A Lighthearted Look at the History of Spa
The History of Spa
Where did it come from?
The modern spa is descended from the ancient practice of bathing in hot springs and mineral waters. This dates at least to the Babylonians and Greeks, but knowing people, probably much sooner!
Some say the origin of the word "spa" comes from the Belgian town of Spa, known since Roman times for its baths. They speculate that the town was so prominent that the very word spa became synonymous in the English language with a place to be restored and pampered.
Others speculate it may be an acronym for the Latin phrase "salus per aquae" - health through water.
Meet the Romans!
Roman Baths were grand and spacious, structured around imposing pillars, floored by imported marble, and decorated with mosaic walls huge temples to water.
The Romans renowned for their empires didn't stop at baths. There were the returning soldiers, back from battle that needed hard earned leisure and refreshment, along with their wives! With the European culture of work largely being finished by early afternoon, people needed somewhere to cool down, refresh and relax and generally enjoy themselves.
Some baths accommodated up to 3000 bathers at one time. Believe it or not these baths also featured other entertainment, such as gardens, games and in some instances theatres. If you ventured outside, you would find a gymnasium where men could lift weights, throw the discus and indulge in other forms of exercise¦.basically a resort spa!
The curative power of water
The spa concept was formalized in 17th century Europe out of an understanding of the curative powers of water.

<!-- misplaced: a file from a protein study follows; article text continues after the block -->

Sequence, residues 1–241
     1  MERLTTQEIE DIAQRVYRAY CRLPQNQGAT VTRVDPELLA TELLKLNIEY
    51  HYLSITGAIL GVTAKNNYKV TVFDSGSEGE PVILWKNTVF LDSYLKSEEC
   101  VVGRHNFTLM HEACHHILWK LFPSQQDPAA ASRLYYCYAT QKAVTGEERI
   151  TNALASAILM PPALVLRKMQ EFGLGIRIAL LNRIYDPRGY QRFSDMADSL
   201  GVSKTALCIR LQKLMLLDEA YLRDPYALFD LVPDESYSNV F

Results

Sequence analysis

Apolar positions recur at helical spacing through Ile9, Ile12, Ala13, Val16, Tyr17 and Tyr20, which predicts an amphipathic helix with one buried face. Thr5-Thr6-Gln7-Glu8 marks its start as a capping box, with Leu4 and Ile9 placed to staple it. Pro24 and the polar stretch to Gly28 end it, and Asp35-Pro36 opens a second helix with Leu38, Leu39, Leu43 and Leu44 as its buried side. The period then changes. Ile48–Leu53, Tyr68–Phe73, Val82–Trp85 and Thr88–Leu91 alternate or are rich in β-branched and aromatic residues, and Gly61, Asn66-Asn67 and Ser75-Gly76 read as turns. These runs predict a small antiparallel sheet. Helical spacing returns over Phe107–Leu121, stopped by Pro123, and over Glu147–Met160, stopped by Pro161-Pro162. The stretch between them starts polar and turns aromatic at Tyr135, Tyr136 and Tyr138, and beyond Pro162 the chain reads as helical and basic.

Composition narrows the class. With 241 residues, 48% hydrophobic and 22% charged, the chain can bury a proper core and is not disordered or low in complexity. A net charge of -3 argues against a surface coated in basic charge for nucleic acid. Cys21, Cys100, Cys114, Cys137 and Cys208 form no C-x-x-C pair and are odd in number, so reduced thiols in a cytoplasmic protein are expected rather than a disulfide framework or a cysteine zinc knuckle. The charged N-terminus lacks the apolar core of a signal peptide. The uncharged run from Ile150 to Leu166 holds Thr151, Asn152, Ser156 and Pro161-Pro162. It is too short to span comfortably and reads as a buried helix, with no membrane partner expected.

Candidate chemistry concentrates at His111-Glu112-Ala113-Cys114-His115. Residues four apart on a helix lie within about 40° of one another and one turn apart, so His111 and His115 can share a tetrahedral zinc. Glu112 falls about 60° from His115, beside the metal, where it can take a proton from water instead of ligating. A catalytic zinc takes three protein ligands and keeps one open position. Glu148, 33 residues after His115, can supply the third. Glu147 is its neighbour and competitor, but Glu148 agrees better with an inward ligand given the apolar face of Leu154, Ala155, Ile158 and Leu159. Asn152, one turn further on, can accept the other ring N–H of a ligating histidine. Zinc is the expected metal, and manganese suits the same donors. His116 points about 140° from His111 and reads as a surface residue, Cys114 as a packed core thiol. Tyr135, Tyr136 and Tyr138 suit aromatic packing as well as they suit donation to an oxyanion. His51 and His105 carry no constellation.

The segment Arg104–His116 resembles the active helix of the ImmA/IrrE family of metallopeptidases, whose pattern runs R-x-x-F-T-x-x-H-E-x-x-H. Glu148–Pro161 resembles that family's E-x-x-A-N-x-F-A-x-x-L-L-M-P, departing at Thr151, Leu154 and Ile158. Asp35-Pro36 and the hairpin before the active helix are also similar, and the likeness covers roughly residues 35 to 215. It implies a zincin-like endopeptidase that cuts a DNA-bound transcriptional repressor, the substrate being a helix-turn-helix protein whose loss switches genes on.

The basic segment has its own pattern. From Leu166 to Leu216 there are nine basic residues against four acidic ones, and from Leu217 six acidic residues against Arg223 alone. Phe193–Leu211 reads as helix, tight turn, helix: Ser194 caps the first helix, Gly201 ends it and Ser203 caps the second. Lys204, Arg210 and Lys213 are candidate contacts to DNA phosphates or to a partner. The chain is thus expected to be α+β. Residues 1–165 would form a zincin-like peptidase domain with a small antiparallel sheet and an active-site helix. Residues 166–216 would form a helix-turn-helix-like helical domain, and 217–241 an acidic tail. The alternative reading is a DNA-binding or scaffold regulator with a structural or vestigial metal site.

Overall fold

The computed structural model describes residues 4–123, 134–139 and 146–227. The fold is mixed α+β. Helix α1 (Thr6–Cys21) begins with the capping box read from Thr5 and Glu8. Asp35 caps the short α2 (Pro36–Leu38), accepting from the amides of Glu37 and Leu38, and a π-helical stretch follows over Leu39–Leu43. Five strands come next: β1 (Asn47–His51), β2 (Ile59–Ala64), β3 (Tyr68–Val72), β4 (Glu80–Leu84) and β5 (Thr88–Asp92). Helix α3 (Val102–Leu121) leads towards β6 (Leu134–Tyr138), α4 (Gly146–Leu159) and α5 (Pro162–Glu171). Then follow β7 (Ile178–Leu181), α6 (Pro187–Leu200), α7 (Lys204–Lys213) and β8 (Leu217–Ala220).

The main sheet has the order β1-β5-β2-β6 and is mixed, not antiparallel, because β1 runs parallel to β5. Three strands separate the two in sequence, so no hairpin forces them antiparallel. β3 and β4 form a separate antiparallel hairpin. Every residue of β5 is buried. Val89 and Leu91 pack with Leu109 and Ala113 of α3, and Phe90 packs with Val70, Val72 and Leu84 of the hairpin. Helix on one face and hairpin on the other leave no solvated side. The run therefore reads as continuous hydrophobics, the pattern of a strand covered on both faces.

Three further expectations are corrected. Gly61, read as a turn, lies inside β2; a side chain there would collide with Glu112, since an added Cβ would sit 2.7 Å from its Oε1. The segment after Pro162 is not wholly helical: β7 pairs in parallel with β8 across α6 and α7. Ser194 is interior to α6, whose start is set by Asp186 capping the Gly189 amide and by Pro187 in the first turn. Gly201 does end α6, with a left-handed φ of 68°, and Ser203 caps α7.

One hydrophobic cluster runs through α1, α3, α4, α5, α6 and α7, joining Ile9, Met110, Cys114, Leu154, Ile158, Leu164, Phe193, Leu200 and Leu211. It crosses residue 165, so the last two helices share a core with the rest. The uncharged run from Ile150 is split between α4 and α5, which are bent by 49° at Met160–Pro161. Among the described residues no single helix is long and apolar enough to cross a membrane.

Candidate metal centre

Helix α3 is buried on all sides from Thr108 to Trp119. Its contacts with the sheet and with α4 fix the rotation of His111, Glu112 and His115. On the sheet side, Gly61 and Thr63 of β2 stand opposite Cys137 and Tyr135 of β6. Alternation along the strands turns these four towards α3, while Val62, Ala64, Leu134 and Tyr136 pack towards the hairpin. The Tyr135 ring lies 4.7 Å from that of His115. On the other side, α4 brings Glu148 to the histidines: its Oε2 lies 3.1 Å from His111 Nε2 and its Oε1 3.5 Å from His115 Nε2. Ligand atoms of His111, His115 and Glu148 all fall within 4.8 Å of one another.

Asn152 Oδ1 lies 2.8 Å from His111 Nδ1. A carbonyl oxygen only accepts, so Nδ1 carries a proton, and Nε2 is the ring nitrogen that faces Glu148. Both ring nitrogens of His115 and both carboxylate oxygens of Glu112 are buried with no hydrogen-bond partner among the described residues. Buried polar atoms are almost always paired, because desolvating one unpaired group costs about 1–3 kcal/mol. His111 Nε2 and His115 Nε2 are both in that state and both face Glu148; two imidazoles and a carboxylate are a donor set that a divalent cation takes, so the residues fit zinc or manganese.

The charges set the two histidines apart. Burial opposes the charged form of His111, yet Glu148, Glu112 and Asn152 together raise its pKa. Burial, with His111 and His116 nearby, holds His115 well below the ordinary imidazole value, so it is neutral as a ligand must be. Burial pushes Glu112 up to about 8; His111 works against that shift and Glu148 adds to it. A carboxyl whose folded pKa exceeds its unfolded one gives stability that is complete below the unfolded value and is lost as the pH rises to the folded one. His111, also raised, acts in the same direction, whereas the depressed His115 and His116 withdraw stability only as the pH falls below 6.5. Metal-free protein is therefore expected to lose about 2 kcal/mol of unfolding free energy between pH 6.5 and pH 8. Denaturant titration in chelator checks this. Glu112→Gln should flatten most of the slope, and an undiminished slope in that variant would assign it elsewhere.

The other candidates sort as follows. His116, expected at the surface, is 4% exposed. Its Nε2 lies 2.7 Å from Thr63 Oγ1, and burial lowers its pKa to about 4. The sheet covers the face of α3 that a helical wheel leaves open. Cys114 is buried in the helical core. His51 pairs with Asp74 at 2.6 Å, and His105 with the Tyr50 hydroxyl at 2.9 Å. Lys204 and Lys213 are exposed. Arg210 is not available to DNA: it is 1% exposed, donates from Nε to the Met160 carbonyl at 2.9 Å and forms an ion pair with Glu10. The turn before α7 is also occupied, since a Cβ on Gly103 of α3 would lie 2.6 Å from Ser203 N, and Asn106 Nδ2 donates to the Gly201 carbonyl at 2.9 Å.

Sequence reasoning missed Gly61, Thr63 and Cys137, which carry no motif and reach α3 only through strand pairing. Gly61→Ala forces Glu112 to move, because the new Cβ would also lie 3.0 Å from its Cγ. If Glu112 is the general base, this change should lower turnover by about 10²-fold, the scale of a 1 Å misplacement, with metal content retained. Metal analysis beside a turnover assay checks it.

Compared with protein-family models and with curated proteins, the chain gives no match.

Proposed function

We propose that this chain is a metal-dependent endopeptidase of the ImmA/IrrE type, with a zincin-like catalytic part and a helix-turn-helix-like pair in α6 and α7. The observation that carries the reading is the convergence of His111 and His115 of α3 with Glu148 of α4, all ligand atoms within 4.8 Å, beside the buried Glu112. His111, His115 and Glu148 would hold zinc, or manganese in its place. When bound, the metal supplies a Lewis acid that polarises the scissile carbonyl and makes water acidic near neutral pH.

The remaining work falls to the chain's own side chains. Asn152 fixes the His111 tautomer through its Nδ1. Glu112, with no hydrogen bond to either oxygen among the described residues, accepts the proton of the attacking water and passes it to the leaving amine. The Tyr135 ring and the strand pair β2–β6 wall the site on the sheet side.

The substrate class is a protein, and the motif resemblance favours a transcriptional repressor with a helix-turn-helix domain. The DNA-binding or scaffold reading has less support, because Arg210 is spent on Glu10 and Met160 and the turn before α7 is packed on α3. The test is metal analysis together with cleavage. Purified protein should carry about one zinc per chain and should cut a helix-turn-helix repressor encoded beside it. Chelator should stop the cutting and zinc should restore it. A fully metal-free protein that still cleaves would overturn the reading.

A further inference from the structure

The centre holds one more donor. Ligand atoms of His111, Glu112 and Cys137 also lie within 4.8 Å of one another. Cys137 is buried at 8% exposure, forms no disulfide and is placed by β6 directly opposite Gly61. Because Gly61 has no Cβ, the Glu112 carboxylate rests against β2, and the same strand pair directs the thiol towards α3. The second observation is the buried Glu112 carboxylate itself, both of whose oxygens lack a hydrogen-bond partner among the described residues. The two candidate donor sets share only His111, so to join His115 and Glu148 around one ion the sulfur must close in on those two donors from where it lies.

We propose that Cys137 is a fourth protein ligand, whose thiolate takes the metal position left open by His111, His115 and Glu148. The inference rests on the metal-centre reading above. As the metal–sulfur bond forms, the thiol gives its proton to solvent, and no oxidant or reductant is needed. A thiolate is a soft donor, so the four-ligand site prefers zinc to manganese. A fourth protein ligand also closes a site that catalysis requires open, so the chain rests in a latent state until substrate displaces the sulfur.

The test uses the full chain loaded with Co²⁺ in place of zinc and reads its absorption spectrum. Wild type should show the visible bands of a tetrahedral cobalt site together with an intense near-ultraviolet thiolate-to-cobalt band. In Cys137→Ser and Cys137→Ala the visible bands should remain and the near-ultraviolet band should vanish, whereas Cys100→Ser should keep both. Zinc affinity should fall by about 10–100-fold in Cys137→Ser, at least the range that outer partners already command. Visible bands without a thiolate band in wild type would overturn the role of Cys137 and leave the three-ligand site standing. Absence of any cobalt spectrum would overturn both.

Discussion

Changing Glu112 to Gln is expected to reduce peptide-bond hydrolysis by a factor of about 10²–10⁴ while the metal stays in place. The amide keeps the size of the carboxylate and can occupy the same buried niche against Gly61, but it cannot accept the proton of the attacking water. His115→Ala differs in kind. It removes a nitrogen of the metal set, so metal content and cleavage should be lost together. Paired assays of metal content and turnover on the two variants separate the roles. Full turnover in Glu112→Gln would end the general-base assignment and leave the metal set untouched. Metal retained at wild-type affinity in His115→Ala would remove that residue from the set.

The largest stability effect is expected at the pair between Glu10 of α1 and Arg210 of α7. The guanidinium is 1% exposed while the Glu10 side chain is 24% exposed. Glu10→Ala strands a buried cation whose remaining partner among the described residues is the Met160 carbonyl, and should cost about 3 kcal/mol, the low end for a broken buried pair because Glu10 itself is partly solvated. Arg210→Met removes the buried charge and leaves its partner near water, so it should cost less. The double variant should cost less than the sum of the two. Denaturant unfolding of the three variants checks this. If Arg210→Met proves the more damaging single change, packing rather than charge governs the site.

This restorative element is evident in the origins of Baden-Baden, a famous thermal spa with a long history, which originated as a clinical, get-well centre for curing all manner of diseases from arthritis to infertility. Rigorous routines, in often less than indulgent locations, involved drinking or bathing in the spring-fed spa waters or walking barefoot in the winter dew at dawn.
In the 19th century, Europe's great spas were destinations for the wealthy, who went there to "take the waters". They would enjoy the salty air in the spa and seaside towns, to help relieve physical, emotional and sometimes social difficulties.
The Brits are so funny!
The Brits have always enjoyed a bit of discomfort. It says a lot about our national psyche that we take so much pride in knowing how to wait for and do without things damn- we can form an orderly queue, and we're great at rationing...we were finishing off things we didn't like eating well into the 1970's! The good old days when poor was poor, lard was lard, and that's what you put on your face as face cream¦
Today, the spa philosophy has moved on from the pain-is-gain approach and away from the curative emphasis towards a preventative one which includes the benefits of water therapies and heat experiences.
Spa-ing today should be fun: it's good for the soul!
Spa takes you away from your normal life and world, whether for 30 minutes or a whole week. It nearly always makes you feel better; it makes you look better, or should! There is literally a whole world of spa that encompasses different cultures and practices. Nowadays, you're never too far away from a good spa; you just have to decide what type of spa pleasure you want and where you can get it!
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